Wednesday, October 18, 2017

Cauliflower au Gratin #recipe from @DarylWoodGerber


From  Daryl aka Avery:

As I continue to make recipes with a French theme, I simply had to make one that is a favorite of mine--cauliflower au gratin. Actually, anything au gratin is a favorite of mine. That is not a holdover from writing the Cheese Shop Mysteries. I have always loved cheese: mac and cheese, grilled cheese sandwiches, hamburgers with cheese, broccoli smothered in a cheese sauce. Comfort food.

This au gratin recipe utilizes a French sauce that is divine.

What is a French sauce?

While writing the first French Bistro Mystery, A DEADLY ÉCLAIR, I had to find out the answer. Why? Because I wanted my protagonist Mimi Rousseau to fall in love with cooking at an early age. What made that happen? When her mother taught her how to make the five mother sauces of France. These are basic sauces that get the ball rolling. What particularly won Mimi over was when she learned that a chef could add a variety of ingredients to the sauces and transform them into entirely different sauces. Creativity matters to Mimi.

As you probably know, a sauce is essentially a liquid plus some sort of thickening agent plus other flavoring ingredients. 

Each of the five mother sauces of France is made with a different liquid as well as a different thickening agent — although three are thickened with roux.  [Roux is flour and fat cooked together to thicken sauces.]   In each case, the roux is cooked for different amounts of time to make a sauce lighter or darker in color.

Here are the names of the 5 basic sauces:
  • Béchamel = milk, flour, butter  (easiest to make)
  • Velouté = white stock with roux (flour and butter)
  • Espagnole = brown stock with roux
  • Hollandaise = butter and eggs (no flour)
  • Tomate Sauce = tomatoes, stock, vegetables, ham bone (also no flour necessary)

As mentioned above, if you "add" something to a sauce, it can become a different sauce. For example,  chicken velouté is made with chicken stock; veal velouté is made with veal stock, and so on.  But get this! If you add cream to the chicken velouté sauce, it becomes the "supreme sauce," while if you add cream and egg yolks to the veal velouté, it comes Allemende sauce. Fun, right?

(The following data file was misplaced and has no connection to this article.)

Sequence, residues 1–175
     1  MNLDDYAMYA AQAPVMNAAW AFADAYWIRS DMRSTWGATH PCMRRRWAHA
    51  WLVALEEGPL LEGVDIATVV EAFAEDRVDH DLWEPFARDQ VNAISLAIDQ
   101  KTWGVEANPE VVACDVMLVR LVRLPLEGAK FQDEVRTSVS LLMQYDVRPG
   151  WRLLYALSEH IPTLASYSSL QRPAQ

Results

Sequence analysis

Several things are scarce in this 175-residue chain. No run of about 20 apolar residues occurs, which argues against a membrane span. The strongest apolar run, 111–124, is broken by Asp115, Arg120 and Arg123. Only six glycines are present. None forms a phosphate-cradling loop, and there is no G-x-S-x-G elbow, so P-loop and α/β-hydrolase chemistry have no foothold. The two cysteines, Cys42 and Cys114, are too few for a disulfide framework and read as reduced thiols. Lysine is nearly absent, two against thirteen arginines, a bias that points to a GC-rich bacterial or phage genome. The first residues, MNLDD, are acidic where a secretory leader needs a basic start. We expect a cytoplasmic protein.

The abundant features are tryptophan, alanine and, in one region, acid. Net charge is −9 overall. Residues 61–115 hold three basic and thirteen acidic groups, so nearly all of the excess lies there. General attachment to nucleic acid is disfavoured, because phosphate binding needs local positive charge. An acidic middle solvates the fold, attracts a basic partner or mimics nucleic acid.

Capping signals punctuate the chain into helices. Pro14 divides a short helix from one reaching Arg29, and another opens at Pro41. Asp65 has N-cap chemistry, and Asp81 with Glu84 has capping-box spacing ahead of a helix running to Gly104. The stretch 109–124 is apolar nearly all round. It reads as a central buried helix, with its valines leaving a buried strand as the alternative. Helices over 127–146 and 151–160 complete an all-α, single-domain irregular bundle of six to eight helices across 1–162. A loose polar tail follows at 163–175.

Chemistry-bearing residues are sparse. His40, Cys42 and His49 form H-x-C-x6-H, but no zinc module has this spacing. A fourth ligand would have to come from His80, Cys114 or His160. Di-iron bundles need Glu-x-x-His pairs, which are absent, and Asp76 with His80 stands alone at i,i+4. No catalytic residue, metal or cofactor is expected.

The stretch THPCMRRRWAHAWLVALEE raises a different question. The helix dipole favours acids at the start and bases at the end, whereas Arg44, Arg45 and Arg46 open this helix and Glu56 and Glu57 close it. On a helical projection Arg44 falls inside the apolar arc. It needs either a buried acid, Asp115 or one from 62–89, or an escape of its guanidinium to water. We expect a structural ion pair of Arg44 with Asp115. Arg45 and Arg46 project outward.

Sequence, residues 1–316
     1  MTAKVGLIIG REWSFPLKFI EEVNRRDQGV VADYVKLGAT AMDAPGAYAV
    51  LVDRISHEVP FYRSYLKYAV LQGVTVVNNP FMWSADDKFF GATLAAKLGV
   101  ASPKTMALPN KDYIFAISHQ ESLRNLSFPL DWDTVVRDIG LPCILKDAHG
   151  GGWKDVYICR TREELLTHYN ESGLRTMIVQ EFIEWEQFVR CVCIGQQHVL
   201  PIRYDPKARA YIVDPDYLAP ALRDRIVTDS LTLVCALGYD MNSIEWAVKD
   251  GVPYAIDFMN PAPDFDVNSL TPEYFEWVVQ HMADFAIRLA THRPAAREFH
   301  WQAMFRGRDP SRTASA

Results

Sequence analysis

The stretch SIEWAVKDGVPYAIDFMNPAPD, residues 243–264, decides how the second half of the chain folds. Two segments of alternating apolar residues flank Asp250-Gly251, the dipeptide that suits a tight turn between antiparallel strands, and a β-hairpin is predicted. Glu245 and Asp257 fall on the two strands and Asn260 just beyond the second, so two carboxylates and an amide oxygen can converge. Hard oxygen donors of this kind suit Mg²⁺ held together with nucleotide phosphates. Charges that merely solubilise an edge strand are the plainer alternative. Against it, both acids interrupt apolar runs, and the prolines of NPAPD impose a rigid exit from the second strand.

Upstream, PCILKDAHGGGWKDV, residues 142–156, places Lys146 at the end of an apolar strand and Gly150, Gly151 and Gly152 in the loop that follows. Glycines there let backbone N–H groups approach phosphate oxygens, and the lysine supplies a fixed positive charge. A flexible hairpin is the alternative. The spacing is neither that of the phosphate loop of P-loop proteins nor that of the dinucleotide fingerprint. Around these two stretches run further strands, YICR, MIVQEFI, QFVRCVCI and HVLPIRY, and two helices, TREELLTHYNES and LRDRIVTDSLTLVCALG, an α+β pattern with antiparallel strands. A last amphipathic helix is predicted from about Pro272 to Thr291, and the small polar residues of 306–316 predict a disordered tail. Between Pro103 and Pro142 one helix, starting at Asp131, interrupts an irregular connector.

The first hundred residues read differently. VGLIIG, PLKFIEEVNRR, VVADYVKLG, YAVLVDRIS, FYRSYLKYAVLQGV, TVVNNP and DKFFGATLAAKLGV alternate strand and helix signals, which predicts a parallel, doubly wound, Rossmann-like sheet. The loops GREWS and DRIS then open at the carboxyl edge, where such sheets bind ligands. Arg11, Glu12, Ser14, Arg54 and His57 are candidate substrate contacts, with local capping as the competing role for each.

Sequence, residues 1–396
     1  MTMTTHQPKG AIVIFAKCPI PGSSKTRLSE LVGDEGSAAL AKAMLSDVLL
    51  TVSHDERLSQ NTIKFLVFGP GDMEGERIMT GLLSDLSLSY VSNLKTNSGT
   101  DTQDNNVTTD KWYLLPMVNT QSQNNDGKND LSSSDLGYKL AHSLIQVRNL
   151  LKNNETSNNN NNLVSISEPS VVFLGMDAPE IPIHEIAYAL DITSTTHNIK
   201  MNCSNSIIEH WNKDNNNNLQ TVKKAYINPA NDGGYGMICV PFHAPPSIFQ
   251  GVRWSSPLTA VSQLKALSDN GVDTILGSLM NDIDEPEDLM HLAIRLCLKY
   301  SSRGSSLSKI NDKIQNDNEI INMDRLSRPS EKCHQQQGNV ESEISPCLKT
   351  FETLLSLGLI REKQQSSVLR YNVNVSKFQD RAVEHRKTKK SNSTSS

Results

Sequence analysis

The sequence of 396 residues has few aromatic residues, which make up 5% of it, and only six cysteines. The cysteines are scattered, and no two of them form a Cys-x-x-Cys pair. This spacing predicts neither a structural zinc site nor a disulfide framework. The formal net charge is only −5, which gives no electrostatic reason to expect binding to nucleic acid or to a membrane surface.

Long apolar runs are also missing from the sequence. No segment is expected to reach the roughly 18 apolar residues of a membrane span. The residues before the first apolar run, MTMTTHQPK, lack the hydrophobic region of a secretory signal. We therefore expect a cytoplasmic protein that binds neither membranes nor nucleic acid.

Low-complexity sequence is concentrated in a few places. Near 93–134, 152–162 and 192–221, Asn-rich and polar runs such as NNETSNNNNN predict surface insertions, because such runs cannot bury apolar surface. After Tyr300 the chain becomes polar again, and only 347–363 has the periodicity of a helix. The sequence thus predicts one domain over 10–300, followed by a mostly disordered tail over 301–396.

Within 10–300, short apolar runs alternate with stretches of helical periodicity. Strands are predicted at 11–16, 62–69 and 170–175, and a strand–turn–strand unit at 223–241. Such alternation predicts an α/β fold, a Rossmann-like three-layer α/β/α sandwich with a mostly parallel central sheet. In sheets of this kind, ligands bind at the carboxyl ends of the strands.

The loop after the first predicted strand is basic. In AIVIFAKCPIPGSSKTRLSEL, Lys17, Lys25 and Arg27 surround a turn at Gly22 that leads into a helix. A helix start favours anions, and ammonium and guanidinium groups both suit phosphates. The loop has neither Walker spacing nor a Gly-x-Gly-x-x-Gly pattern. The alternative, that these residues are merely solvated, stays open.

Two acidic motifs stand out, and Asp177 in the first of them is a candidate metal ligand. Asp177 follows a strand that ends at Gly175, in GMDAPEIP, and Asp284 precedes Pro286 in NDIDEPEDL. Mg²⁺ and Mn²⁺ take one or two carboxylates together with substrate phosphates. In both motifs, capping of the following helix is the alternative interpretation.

So...take a look at this cauliflower au gratin recipe, and you'll notice it's basically a béchamel sauce that we add cheese to...which makes it a Mornay sauce.

Too much education? Okay, I'm done. Enjoy!

If you want to learn more, in simple terms, I love this site. It has great info and beautiful pictures:  The Spruce

Cauliflower au gratin

Regular and Gluten-free versions
(serves 6-8)

1 cauliflower, cut into florets
2 cups milk
4 tablespoons butter + 2 tablespoons
2 tablespoons flour (FOR GLUTEN-FREE, use sweet rice flour OR cornstarch)
1 cup Cheddar cheese, grated, divided
1/2 cup Parmesan cheese
1/2 teaspoon nutmeg
Salt and pepper, as needed (I recommend ½ teaspoon each)
1/2 cup regular bread crumbs (FOR GLUTEN-FREE, use GF panko)

Preheat oven to 375 degrees F.

Trim the cauliflower. Set aside.

Place a six-quart pot filled with 2-3 inches of water on a medium heat. Bring it to boil, add a dash of salt and drop the chopped cauliflower into it. Blanch the florets till they have softened, about 2-3 minutes. Strain them in a colander and rinse with cold water to stop the cooking process. Set aside for later use.

Next, pre-pour the milk. Set aside. Now, place a non-stick pan on the heat. Melt 4 tablespoons butter in it and add flour (or gluten-free substitute). Turn the heat down and keep stirring. You want to avoid any lumps. When the flour (or GF substitute) smells “toasted”, pour in the milk and keep stirring to avoid lumps. Cook for 10-12 minutes until the white sauce thickens and gets glossy.

Take the white sauce off the heat and add 1/2 cup of Cheddar cheese, 1/2 cup Parmesan cheese, nutmeg, and season with salt and pepper.

Pour half the white sauce into a glass or ceramic oven-safe baking dish (equivalent of 9” x 13”) and top with the blanched cauliflower florets. Pour the remaining white sauce over the cauliflower florets.

Combine the remaining 1/2 cup of Cheddar cheese and bread crumbs (or GF panko crumbs) and sprinkle all over the cauliflower.

Melt 2 tablespoons of butter and drizzle all over the breadcrumbs (or GF panko crumbs). Bake at 375 degrees F for 25-30 minutes until the top is crusty and golden. Take the dish out, allow it to cool only slightly and serve warm.


















Savor the mystery!

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A DEADLY ÉCLAIR, the 1st in the French Bistro Mysteries, is coming November 2017. Can Mimi clear her name before the killer turns up the heat? Click here to order.










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A mother he thought was dead. A father he never knew. 
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